Kabari, Kabarī: 7 definitions


Kabari means something in Hinduism, Sanskrit, Jainism, Prakrit, Hindi. If you want to know the exact meaning, history, etymology or English translation of this term then check out the descriptions on this page. Add your comment or reference to a book if you want to contribute to this summary article.

Alternative spellings of this word include Kabri.

In Hinduism

Ayurveda (science of life)

Source: Wisdom Library: Āyurveda and botany

Kabarī (कबरी) is another name (synonym) for Bastagandhā, which is the Sanskrit word for Ocimum gratissimum (clove basil), a plant from the Lamiaceae family. This synonym was identified by Narahari in his 13th-century Rājanighaṇṭu, which is an Ayurvedic medicinal thesaurus.

Ayurveda book cover
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Āyurveda (आयुर्वेद, ayurveda) is a branch of Indian science dealing with medicine, herbalism, taxology, anatomy, surgery, alchemy and related topics. Traditional practice of Āyurveda in ancient India dates back to at least the first millenium BC. Literature is commonly written in Sanskrit using various poetic metres.

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Purana and Itihasa (epic history)

Source: archive.org: Shiva Purana - English Translation

Kabarī (कबरी) refers to “plaited hair”, according to the Śivapurāṇa 2.3.46 (“The arrival of the bridegroom”).—Accordingly, as Brahmā narrated to Nārada: “[...] In the meantime the servant-maids in the harem of the mountain took Pārvatī out in order to worship the tutelar family deity. [...] With a gentle smile playing in her face she appeared very beautiful. Her plaited hair was thickly grown (kabarī-bhāra) and looked beautiful. Decorative lines over her body were exquisite. She had the Tilaka with musk and saffron. Gemset necklace shone over her chest. Bracelets and bangles of gems and jewels shone brilliantly. [...]”.

Purana book cover
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The Purana (पुराण, purāṇas) refers to Sanskrit literature preserving ancient India’s vast cultural history, including historical legends, religious ceremonies, various arts and sciences. The eighteen mahapuranas total over 400,000 shlokas (metrical couplets) and date to at least several centuries BCE.

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Languages of India and abroad

Sanskrit dictionary

Source: DDSA: The practical Sanskrit-English dictionary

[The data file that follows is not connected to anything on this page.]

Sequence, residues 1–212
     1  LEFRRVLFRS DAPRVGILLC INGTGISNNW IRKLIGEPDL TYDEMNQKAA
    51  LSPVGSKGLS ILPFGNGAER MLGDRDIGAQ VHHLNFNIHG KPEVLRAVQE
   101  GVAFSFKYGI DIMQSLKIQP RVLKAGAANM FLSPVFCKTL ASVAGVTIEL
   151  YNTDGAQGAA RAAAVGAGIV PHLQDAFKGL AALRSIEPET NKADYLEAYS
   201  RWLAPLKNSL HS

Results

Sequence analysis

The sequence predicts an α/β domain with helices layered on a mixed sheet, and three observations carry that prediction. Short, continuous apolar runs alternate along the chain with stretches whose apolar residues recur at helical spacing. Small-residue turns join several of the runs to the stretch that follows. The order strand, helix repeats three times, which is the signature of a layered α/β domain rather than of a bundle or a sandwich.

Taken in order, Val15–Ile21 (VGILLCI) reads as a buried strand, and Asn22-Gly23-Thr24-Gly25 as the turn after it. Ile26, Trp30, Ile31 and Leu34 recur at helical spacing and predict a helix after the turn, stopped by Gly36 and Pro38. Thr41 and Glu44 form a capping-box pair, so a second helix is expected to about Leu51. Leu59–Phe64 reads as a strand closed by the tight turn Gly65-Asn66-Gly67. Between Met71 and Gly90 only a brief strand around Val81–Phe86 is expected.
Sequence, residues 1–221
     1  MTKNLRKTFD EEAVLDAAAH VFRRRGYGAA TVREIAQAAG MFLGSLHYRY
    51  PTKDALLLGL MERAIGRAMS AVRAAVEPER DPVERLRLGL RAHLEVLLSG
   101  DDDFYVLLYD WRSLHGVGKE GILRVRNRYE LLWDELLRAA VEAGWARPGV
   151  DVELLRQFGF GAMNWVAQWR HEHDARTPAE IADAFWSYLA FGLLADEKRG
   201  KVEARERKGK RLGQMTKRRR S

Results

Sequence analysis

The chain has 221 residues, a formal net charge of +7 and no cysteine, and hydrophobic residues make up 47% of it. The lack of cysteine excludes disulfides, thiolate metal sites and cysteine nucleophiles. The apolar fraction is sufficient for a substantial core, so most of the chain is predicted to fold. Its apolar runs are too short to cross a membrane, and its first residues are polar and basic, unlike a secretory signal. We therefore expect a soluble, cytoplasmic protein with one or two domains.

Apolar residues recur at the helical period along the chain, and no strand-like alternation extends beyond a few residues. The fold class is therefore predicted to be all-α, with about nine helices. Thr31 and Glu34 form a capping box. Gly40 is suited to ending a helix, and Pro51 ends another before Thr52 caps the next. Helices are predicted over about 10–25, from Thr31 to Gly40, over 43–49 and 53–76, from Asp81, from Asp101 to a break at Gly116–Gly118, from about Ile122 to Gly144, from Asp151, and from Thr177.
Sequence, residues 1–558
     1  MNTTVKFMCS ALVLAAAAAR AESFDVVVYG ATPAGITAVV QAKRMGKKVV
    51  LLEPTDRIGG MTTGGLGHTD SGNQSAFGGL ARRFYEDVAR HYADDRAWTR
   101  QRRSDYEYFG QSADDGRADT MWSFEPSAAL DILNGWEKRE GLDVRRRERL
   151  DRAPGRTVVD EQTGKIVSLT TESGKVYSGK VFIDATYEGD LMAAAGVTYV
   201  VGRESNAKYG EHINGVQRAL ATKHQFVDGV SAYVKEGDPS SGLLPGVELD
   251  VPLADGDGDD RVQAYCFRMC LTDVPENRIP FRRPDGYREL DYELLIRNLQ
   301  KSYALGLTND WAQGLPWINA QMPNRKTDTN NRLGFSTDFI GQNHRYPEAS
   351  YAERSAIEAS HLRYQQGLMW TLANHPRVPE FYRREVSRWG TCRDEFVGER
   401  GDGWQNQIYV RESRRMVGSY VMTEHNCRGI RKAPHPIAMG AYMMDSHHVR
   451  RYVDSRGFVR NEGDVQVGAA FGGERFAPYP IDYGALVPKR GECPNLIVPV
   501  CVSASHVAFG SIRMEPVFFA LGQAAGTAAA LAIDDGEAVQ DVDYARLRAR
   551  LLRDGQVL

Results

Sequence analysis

Kabarī (कबरी).—Usually written कवर (kavara).

-rī q. v.; स्विन्नं वक्त्रं कबरविगलन्मालती निर्ममन्थ (svinnaṃ vaktraṃ kabaravigalanmālatī nirmamantha) Bhāgavata 1.9.3. दधती विलोल- कबरीकमाननम् (dadhatī vilola- kabarīkamānanam) Uttararāmacarita 3.4.

See also (synonyms): kabara.

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Kabarī (कबरी).—A braid or fillet of hair; दधती विलोलकबरीकमाननम् (dadhatī vilolakabarīkamānanam) Uttararāmacarita 3.4; Śiśupālavadha 9.28; Amaruśataka 59.

See also (synonyms): kavarī.

Source: DDSA: Paia-sadda-mahannavo; a comprehensive Prakrit Hindi dictionary (S)

Kabarī (कबरी) in the Sanskrit language is related to the Prakrit word: Kabarī.

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Sanskrit, also spelled संस्कृतम् (saṃskṛtam), is an ancient language of India commonly seen as the grandmother of the Indo-European language family (even English!). Closely allied with Prakrit and Pali, Sanskrit is more exhaustive in both grammar and terms and has the most extensive collection of literature in the world, greatly surpassing its sister-languages Greek and Latin.

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Hindi dictionary

Source: DDSA: A practical Hindi-English dictionary

Kabarī (कबरी) [Also spelled kabri]:—(nf) entwined hair formed into a braid; (a) feminine variant of [kabarā] (see).

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Prakrit-English dictionary

Source: DDSA: Paia-sadda-mahannavo; a comprehensive Prakrit Hindi dictionary

Kabarī (कबरी) in the Prakrit language is related to the Sanskrit word: Kabarī.

context information

Prakrit is an ancient language closely associated with both Pali and Sanskrit. Jain literature is often composed in this language or sub-dialects, such as the Agamas and their commentaries which are written in Ardhamagadhi and Maharashtri Prakrit. The earliest extant texts can be dated to as early as the 4th century BCE although core portions might be older.

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Kannada-English dictionary

Source: Alar: Kannada-English corpus

Kabari (ಕಬರಿ):—

1) [noun] a length of entwined hair; a braid.

2) [noun] the tree Acacia arabica of Mimosae family; babul tree.

3) [noun] the plant Ageratum conyzoides of Asteraceae family.

4) [noun] Nerium indicum (= N. odorum; = N. oleander), an evergreen shrub of Apocynaceae family with narrow leathery leaves.

5) [noun] its fragrant flower ( of red colour).

context information

Kannada is a Dravidian language (as opposed to the Indo-European language family) mainly spoken in the southwestern region of India.

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